Some of these pieces of music are merely loops, or sketches, this is why some of them end so sharply.

rock & more

 

Here is the soundtrack of Waco, a videogame on which I worked as a sound designer and composer. The goal of this casual waste sorting game is to throw garbage in the right bin. I composed loops for each of the three possible gameplays, based on the same chords, but on each gameplay, the rhythm, melody and style are different.

 

I composed each gameplay music in five steps, following the levels progression (1 music for 2 levels, each gameplay containing 10 levels). As the player progresses in levels, the music becomes richer, more complex, with more instruments and more immersive arrangements.

 

Here, the first gameplay: "drop the object". I created a kind of pop music, with a hint of rock.

Here, I introduced an unexpected instrument, the dulcimer, to create some surprise for the player. Sometimes the strings can produce music a little out of tune, creating a sound that might be considered like the noise of garbage.

In this one, I wanted to keep on surprising the player (and enjoy what I was doing!) by introducing some weird musical universes into the piece. This is why you will come across some winks of a harpsichord paraphrasing the 2nd prelude of The Well-Tempered Clavier by JS Bach (do minor), a honky tonk piano playing saloon music, and finally, a bandoneon in the Piazzola's style...

 

This kind of musical "game within the game" also fits my desire to be able to step out of the game you are playing and discover new places that have nothing to do with the original place of the game. It might sound abstract and a bit absurd, but you can stop, have a beer, chat to one of the characters, before you get back into the game again.

Ah ! A big band... what else ? In'it, Quincy, Count, Duke ??? ;) I liked to test the idea of a big band as an immersive set for gaming music. Players will say if it works as I feel it should.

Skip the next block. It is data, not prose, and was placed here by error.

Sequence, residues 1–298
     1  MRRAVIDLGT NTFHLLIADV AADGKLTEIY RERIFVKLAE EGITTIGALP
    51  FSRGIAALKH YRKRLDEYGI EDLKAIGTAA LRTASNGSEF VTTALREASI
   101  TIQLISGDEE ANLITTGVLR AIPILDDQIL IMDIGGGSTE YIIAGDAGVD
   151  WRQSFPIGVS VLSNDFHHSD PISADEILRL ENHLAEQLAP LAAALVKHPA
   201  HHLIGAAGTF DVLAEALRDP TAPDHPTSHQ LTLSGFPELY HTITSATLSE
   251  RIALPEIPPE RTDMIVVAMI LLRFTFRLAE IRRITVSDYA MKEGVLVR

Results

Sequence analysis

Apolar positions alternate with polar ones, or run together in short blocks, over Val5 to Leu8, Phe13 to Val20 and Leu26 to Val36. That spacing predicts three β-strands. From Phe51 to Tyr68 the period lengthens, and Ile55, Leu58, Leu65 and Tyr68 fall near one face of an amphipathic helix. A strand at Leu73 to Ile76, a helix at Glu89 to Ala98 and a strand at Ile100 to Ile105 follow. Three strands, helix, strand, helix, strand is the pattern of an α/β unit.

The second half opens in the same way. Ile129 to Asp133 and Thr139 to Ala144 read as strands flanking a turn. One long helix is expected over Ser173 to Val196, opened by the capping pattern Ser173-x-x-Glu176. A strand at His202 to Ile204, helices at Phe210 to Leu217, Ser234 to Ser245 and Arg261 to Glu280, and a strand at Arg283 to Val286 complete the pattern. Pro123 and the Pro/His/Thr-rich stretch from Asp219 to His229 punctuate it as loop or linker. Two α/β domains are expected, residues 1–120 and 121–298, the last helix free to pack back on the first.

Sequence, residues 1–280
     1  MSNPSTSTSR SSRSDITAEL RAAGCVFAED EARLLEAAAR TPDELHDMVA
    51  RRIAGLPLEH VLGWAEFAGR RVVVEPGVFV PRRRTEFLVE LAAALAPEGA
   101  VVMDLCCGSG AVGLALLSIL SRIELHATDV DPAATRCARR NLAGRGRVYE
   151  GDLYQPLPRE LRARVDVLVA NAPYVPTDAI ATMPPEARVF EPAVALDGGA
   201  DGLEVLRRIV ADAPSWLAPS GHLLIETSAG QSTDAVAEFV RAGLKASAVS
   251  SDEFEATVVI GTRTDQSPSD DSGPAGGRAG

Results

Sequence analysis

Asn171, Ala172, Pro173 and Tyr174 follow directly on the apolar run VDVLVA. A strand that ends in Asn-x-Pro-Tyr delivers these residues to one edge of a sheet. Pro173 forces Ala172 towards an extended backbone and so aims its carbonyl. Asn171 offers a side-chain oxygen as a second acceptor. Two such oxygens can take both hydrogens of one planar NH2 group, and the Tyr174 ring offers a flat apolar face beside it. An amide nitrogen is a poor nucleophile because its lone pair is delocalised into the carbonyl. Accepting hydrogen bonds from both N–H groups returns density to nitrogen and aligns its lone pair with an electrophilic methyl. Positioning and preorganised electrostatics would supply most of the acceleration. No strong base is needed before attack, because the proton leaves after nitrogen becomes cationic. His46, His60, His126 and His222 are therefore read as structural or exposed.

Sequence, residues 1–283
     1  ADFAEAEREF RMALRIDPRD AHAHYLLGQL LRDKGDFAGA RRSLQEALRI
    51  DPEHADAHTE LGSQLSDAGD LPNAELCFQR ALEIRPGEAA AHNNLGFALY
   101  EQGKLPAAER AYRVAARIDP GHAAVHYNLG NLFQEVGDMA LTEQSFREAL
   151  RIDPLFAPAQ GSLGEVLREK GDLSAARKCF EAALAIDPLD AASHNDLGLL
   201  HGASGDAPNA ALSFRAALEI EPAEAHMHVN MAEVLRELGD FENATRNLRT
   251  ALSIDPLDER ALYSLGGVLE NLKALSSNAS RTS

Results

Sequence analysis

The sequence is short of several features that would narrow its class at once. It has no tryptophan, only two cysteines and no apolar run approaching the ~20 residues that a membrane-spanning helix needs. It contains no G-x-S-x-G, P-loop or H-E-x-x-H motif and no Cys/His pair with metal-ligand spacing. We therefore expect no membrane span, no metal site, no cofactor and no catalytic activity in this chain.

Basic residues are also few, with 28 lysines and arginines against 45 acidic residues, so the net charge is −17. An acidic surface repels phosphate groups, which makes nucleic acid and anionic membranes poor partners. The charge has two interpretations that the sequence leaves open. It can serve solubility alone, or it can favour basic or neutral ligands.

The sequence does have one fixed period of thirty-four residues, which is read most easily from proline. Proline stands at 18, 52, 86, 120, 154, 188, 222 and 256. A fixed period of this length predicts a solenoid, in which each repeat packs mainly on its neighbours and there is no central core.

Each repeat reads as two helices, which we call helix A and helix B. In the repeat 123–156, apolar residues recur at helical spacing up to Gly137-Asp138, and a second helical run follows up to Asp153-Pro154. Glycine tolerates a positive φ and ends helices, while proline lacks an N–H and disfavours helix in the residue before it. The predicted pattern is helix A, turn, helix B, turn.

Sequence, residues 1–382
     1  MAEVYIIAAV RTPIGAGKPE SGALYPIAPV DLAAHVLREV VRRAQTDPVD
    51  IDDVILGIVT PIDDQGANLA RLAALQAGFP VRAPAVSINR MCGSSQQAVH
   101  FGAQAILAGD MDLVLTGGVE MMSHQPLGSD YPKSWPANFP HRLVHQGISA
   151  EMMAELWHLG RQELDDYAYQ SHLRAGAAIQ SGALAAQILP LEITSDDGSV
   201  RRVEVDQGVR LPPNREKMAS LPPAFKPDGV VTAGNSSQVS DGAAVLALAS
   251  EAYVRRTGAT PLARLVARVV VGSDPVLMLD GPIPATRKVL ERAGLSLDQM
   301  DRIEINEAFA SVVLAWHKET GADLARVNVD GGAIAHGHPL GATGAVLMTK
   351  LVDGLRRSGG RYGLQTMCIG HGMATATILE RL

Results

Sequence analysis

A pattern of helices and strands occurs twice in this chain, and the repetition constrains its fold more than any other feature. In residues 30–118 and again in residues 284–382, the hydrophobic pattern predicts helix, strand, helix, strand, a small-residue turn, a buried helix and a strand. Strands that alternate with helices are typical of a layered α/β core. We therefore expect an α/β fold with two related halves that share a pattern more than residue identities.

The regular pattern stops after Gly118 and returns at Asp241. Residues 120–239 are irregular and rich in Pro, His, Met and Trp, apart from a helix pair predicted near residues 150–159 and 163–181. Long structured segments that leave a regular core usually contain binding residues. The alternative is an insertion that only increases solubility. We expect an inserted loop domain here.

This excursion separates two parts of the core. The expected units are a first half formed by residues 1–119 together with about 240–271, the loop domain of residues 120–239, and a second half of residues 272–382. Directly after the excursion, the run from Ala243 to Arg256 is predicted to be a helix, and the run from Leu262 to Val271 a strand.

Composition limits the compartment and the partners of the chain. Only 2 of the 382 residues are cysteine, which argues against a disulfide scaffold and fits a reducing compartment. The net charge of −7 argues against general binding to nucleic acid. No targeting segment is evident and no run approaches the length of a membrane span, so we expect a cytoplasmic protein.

Here is the second gameplay, where you have to change the direction some conveyor belts turn. I find it quite crazy and busy, so I made this rock'n'roll theme, with a slight rockabilly inspiration. However, I also gave it some quiet moments when the samba enters smoothly, and then moves forward again.

 

I discovered some samba rock tunes while learning how to dance the "samba de gafieira" in Brazil, through some tunes by the group Jussara. It simply inspired me.

Listen from 01'00'' to 01'15'' : that's my favourite moment in this musical series for this gameplay. I love how the music starts again, runs under the pressure of the one note repeated on the piano... Enjoy...

 

Back to movies. "Al Séptimo Día". Here, rock music is used to express the disappointment, rage and fury of the main character before her ex-husband who didn't dare to have a child with her or stay with her because she was supposed to have cancer. The scene is very brief as she jumps in a friend’s car and they start having a quiet conversation while driving on the road. The music intends to follow this quick evolution of the plot and let the conversation begin and remain the central sound element in this very emotional talk.

Here is the music I aimed at when I composed the "Sketch 3" you can hear and read about on the funk/jazz/samba page. Once again I was moved, pushed and shaken by the rhythmical section, consisting of bass and guitar. It had to be slow to make you feel its naughty swing. Here again, I also mixed various options in the bass section.

A very old theme for me. I composed it thinking of those TV programs where they visit beautiful hotels around the world to whet your appetite for travelling... I wanted this music to have the same charm, elegance, feel kind of "international", and be connected with exotic sonorities... I also intended to make a brief electronic slice at the end.

Here, a very intense theme... Wide, obsessive, moving, heavy. Its name is OBS. It can be deep and overwhelming as is the case with any kind of obsession... ;)

This song is from my friend Quentin. He created the lyrics, the melody, the chords, and he sang. I made the arrangement and recorded it. He wanted the instruments to have some tasty unconventional presence...